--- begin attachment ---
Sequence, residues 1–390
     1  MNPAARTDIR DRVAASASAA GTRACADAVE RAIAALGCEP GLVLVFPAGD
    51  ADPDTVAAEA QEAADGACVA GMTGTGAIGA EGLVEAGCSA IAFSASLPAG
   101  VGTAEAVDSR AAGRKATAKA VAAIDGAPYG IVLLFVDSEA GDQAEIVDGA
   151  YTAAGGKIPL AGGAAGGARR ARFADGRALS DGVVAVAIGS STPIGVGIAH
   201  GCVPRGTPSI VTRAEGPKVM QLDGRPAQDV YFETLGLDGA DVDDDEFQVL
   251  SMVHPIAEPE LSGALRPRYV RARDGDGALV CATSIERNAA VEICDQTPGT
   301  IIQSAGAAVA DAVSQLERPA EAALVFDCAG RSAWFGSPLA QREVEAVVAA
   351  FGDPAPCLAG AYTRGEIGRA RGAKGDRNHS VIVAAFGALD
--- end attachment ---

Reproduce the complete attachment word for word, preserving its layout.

Sequence, residues 1–390
     1  MNPAARTDIR DRVAASASAA GTRACADAVE RAIAALGCEP GLVLVFPAGD
    51  ADPDTVAAEA QEAADGACVA GMTGTGAIGA EGLVEAGCSA IAFSASLPAG
   101  VGTAEAVDSR AAGRKATAKA VAAIDGAPYG IVLLFVDSEA GDQAEIVDGA
   151  YTAAGGKIPL AGGAAGGARR ARFADGRALS DGVVAVAIGS STPIGVGIAH
   201  GCVPRGTPSI VTRAEGPKVM QLDGRPAQDV YFETLGLDGA DVDDDEFQVL
   251  SMVHPIAEPE LSGALRPRYV RARDGDGALV CATSIERNAA VEICDQTPGT
   301  IIQSAGAAVA DAVSQLERPA EAALVFDCAG RSAWFGSPLA QREVEAVVAA
   351  FGDPAPCLAG AYTRGEIGRA RGAKGDRNHS VIVAAFGALD